Summary Judgment Partially Granted in Case Involving Proprietary Mutual Funds.


The U.S. District Court for the Southern District of New York grants in part and denies in part the motion for summary judgment by the defendant bank regarding the plaintiffs' claims of 401 (k) plan mismanagement in violation of the Employee Retirement Income Security Act of 1974 (ERISA).

The plaintiffs include a class of participants of their employer 401 (k) plan, on behalf of themselves and other plan beneficiaries. The defendants include the employer as plan sponsor, the plan administrator and the various committees that have discretionary authority with regard to the plan.

The plaintiffs argue several violations of ERISA, including the following: (1) breach of the duties of loyalty and prudence for offering proprietary funds despite their excessive fees and underperformance relative to other investments and for failing to monitor and control excessive recordkeeping fees, (2) prohibited transactions with a party in interest based on offering high-cost investments that generated revenue for the defendant, (3) prohibited transactions with a fiduciary by offering mutual funds managed by the defendant bank and (4) failing to monitor fiduciaries. The defendants move for summary judgment.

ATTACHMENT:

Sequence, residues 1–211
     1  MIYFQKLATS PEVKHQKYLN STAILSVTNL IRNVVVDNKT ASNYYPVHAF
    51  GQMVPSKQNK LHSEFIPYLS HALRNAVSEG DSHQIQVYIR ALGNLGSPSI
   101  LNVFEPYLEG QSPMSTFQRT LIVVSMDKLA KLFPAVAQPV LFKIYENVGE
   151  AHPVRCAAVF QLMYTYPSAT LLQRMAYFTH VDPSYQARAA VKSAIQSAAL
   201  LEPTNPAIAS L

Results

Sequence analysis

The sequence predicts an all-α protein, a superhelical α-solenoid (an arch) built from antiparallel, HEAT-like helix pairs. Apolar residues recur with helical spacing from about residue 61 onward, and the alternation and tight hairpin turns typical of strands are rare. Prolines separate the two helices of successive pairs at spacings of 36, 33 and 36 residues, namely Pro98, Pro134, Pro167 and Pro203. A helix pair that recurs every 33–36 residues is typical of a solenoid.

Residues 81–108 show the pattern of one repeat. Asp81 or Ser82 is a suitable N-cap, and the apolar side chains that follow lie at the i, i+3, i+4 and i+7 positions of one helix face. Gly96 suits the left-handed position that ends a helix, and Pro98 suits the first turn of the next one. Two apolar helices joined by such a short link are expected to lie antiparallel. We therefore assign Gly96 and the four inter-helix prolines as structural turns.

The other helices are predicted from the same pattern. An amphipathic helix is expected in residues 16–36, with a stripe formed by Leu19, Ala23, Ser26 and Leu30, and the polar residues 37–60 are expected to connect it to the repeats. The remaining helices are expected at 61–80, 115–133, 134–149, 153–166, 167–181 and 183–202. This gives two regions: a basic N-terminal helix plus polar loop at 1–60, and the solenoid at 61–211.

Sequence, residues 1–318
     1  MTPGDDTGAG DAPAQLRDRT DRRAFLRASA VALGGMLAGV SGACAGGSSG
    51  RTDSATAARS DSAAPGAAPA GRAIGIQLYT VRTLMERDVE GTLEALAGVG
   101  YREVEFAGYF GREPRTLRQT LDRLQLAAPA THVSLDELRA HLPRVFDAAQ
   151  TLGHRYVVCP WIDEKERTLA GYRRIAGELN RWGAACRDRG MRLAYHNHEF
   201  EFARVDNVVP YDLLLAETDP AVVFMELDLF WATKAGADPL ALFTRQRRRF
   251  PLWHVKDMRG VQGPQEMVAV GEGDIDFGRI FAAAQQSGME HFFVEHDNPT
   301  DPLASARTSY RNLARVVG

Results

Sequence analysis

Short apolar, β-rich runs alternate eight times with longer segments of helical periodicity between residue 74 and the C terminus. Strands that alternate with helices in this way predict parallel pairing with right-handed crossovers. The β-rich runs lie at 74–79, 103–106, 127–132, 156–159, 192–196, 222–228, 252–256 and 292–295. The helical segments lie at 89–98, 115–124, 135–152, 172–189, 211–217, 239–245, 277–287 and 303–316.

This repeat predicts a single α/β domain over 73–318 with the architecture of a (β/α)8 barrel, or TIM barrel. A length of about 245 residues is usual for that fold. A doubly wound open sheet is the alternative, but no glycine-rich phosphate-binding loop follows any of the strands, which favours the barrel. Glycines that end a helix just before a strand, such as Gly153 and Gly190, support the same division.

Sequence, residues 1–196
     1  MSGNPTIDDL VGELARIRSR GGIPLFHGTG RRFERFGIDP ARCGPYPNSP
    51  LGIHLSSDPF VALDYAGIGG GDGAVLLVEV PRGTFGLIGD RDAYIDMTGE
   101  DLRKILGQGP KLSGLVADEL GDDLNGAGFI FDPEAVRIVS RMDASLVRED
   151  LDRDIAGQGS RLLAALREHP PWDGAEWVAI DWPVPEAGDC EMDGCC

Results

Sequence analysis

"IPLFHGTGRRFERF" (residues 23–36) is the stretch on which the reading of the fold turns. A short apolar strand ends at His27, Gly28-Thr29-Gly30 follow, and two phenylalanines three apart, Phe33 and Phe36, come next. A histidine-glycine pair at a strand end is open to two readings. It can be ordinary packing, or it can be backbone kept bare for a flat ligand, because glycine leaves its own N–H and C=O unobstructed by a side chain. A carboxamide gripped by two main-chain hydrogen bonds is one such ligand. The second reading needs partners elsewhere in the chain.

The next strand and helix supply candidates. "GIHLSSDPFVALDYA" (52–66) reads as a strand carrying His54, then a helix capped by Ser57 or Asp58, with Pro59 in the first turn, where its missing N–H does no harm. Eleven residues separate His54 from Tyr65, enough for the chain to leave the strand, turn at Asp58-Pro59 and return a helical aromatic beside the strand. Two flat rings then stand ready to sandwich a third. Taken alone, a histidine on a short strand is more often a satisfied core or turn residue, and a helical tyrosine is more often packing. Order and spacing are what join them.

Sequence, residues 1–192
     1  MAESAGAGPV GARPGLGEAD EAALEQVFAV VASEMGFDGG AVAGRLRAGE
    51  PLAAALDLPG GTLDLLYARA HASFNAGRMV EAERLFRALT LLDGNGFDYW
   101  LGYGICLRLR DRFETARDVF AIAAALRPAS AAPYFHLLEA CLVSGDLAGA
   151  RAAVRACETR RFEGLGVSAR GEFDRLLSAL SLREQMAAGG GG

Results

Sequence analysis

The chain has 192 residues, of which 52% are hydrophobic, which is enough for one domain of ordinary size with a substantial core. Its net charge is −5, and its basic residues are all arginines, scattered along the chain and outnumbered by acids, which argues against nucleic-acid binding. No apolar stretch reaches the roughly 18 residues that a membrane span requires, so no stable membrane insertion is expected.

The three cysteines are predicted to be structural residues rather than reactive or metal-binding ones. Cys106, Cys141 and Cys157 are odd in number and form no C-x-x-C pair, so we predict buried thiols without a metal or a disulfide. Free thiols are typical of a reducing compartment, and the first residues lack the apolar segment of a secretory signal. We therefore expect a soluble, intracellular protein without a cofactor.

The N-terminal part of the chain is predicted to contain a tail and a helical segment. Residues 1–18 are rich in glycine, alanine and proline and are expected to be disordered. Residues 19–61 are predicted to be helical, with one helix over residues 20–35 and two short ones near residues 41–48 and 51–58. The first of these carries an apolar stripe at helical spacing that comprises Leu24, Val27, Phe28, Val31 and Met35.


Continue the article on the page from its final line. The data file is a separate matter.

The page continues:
ERISA Section 404 imposes both a duty of loyalty and a duty of care. Under ERISA Section 404(a), the duty of loyalty requires a fiduciary to discharge his or her duties with respect to a plan "solely in the interest of the participants and beneficiaries and ... for the exclusive purpose of . . . providing benefits to participants and their beneficiaries and defraying reasonable expenses of administering the plan." The duty of care requires a fiduciary to act "with the care, skill, prudence and diligence under the circumstances then prevailing that a prudent [person] acting in a like capacity and familiar with such matters would use in the conduct of an enterprise of a like character and with like aims." This standard of care focuses on a fiduciary's conduct in arriving at an investment decision, not on its results, and asks whether the fiduciary used the appropriate methods to investigate and determine the merits of a particular investment. In order to state a claim for breach of fiduciary duty under ERISA, a plaintiff must allege facts that, if true, would show that the defendant acted as a fiduciary, breached its fiduciary duty, and thereby caused a loss to the plan at issue. Here, there is a dispute of material fact as to whether the defendants breached...

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